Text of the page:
The current laws don’t really distinguish between active and passive income. Since passive income is already taxed at a lower rate, companies can use dividends as a way to gain a tax advantage by paying dividends out of active (and lower-taxed) income rather than passive income. Business owners will now have to prove they’re paying dividends out of investment income, which will make it more difficult to game the system by getting a double deduction on lower-taxed dividends. Some business owners use dividends as a method of retirement savings. If your small business clients get their household income from dividends, talk to them about alternative strategies, such as setting up payroll and switching to a salary. While salaries are taxed at a higher rate, they’re also helpful for retirement savings as they involuntarily trigger Canada Pension Plan contributions.
In most cases, any loss from an activity subject to the at-risk rules is allowed only to the extent of the total amount you have at risk in the activity at the end of the tax year. You are considered at risk in an activity to the extent of cash and the adjusted basis of other property you contributed to the activity and certain amounts borrowed for use in the activity. Any loss that is disallowed because of the at-risk limits is treated as a deduction from the same activity in the next tax year. See Pub. 925 for a discussion of the at-risk rules.
3. Travel Resulting From Rental Activity: Far too many passive income investors are not aware of the tax deductions that extend beyond the physical upkeep of a property. Having said that, it is entirely possible to deduct the amount of money you spend traveling for the sake of running and maintaining the property. Anywhere you drive for the sake of the rental, which includes visits to the property itself, can mount to travel expenses. Most notably, you can deduct the actual expenses incurred while traveling (gas, upkeep, repairs, etc). To clarify, travel expenses must be common, helpful, appropriate for your rental activity and — above all else — be solely for rental activities. Much like the repairs made on a property, deductions resulting from travel costs must be made in the same year they were incurred.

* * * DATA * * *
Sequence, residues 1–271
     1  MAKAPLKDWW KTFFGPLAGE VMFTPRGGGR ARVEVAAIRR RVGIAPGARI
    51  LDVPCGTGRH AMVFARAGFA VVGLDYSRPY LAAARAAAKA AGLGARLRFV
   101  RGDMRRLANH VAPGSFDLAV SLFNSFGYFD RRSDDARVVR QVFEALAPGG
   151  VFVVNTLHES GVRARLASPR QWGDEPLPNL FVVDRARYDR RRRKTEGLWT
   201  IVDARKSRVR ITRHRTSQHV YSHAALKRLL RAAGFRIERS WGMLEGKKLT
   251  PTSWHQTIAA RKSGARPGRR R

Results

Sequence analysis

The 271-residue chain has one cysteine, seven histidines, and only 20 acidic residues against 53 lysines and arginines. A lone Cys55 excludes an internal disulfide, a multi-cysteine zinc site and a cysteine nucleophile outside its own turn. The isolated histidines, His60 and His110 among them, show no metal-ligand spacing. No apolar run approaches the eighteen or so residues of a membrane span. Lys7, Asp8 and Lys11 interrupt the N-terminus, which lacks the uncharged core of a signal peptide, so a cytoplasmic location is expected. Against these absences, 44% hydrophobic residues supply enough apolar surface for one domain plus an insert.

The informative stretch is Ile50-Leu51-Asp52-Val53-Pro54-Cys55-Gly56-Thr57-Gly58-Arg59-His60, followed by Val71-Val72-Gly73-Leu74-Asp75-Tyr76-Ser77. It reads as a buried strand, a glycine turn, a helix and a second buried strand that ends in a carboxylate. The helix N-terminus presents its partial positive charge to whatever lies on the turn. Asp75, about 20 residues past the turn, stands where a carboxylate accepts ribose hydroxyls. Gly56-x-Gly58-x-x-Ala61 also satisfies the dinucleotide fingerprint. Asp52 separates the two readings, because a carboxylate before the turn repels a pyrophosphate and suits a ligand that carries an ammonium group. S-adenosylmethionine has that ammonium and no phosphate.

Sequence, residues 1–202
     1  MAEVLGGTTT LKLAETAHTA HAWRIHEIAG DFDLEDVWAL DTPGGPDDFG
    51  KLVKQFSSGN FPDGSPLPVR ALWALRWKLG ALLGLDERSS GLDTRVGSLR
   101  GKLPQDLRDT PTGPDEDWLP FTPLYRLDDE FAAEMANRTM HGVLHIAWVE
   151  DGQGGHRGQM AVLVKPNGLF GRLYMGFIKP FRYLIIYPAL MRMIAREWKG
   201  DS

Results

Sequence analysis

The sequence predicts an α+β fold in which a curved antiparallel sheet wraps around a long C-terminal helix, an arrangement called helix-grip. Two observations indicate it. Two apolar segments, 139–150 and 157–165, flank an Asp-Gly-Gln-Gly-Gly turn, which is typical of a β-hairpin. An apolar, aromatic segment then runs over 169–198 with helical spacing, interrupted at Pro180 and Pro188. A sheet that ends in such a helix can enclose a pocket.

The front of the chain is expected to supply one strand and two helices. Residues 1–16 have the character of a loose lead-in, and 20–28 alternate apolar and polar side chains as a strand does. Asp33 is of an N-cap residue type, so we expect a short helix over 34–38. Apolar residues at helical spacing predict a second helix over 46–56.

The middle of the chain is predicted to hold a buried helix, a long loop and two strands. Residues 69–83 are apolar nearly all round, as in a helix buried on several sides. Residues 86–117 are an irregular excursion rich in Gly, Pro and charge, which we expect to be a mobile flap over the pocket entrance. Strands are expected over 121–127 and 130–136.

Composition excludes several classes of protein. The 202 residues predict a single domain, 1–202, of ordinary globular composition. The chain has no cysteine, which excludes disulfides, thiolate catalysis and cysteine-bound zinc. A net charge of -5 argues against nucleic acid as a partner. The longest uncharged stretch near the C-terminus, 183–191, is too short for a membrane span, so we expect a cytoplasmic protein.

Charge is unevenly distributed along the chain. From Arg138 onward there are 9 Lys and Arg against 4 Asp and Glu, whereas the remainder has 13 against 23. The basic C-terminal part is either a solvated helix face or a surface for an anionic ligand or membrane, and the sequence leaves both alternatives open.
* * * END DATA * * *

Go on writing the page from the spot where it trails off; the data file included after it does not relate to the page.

You don’t have to be a big corporate executive to need an assistant. Filing, emailing, scheduling and organizing the results of your moneymaking ventures takes time. And that's time you don’t want to waste while building your passive income empire. Nor do you want to expend any more time and money training and paying a new employee than you need to. Instead, consider hiring a virtual assistant.
If you have any questions or you can’t decide how best to invest your assets, consider talking to a financial advisor. A matching tool like SmartAsset’s SmartAdvisor can help you find a person to work with to meet your needs. First you’ll answer a series of questions about your situation and goals. Then the program will narrow down your options from thousands of advisors to up to three registered investment advisors who suit your needs. You can then read their profiles to learn more about them, interview them on the phone or in person and choose who to work with in the future. This allows you to find a good fit while the program does much of the hard work for you.
I am an English major and a herbalist with so many ideas and no extra income to fulfill them. I recently started renting my extra apartment in the attic with Airbnb. It’s amazing how fast I accumulated some money for few hours of work between guests. Now I want to persue all my dreams of opening an online herbal store, publishing my ebook of treating Ulcerative Colitis with herbs, blogs, and videos, and pretty much all of the ideas mentioned here. I will save this article as its really helpful for whomever needs some ideas…